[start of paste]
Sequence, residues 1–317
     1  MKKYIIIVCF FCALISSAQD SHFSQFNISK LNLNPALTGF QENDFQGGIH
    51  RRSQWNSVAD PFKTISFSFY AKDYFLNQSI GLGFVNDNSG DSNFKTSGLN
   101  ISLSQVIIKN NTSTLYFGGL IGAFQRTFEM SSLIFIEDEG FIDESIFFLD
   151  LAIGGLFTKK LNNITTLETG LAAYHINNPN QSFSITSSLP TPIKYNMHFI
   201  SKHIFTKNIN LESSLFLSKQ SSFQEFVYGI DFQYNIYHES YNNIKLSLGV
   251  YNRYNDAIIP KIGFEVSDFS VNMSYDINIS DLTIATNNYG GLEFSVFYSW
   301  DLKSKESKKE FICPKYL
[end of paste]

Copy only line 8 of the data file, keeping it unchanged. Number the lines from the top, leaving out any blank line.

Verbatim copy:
   301  DLKSKESKKE FICPKYL